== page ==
Races and events are slowly returning to the calendar, and while we’re all thrilled to get back out there, it’s going to be a while before we return to a world of travel without COVID-19 concerns. Realistically, summer and fall triathlons will require careful planning and consideration—especially when it comes to safely traveling to and from your event. Beyond basic measures like always wearing a mask in public, keeping six feet from others, and washing your hands regularly, here are some things to consider in your travel planning.
Editor’s note: This article originally appeared in the March/April 2021 issue of Triathlete. Since that publication, the Centers for Disease Control and Prevention (CDC) has updated its travel guidelines for people who have been fully vaccinated. Fully vaccinated people can resume domestic travel and do not need to get tested before or after travel or self-quarantine after travel. They also do not need to get tested before leaving the United States (unless required by the destination) or self-quarantine after arriving back in the United States. See the complete updates here.
1. Know the regulations.
Health guidelines and regulations are changing constantly as COVID numbers change and research advances. Make sure you know the mandates for both the area you’re traveling to and for your home city, county, and state. A couple of possible requirements include testing within certain time frames and/or mandatory quarantine upon arrival—not something you want to be surprised by two days before your race.
2. Think of before and after
As of publication, the Centers for Disease Control and Prevention (CDC) is recommending that anyone who travels gets a viral test one to three days before traveling and three to five days after arriving home. The CDC also suggests a seven-day quarantine once you’re home, even if you receive a negative test. The days of simply getting away for a quick race weekend are behind us—for now, at least. Also, consider the possibility you could end up with symptoms while at your destination. Are you willing and able to quarantine at your race for the required amount of time? If not, best to stick to local races for now.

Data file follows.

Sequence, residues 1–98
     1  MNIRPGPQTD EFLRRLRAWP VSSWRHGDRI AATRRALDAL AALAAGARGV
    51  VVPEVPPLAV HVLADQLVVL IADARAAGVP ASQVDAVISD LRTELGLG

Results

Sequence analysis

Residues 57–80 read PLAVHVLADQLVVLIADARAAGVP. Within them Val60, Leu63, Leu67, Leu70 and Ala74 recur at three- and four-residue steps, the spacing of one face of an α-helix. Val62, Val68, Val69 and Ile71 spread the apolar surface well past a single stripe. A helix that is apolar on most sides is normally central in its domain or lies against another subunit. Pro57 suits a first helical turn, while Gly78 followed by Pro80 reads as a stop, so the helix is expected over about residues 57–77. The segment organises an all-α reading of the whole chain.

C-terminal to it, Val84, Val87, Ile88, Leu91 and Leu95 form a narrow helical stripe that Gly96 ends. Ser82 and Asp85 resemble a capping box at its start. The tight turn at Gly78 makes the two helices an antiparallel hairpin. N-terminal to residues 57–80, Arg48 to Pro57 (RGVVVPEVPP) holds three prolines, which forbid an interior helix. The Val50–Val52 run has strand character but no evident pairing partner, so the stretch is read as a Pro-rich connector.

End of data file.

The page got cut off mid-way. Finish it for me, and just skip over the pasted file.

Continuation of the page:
3. Stay as close to home as possible.
Regardless of if you’re flying or driving, the farther your destination, the more opportunity there is for exposure. For flying, the risk is higher with more interactions and, at the very least, extended time on an airplane. For driving, the longer the trip, the more likely there are bathroom, eating, and lodging stops. In other words: Consider racing local.
4. Consider who you travel with.
Regardless of your method of transportation, the CDC recommends you only travel and stay with members of your own household.
5. Be thorough in your lodging research.
As with everyone and everything right now, some hotels and Airbnb owners are taking the safety protocols more seriously than others. Before you book anything, the CDC suggests calling and inquiring about:
- Online check-in, mobile room keys, and contactless payment
- The mask policy for hotel employees and guests
- Other precautions in place, such as plexiglass barriers, physical distancing signs, etc.
- Contactless room service and food delivery options
6. Be prepared not to go.
Now more than ever, it’s important to stay flexible with your travel and racing plans. Canceled events, positive tests, or exposure that requires quarantine all remain possibilities. If having to bail on your trip at the last second is going to devastate you, push your travel plans to next year.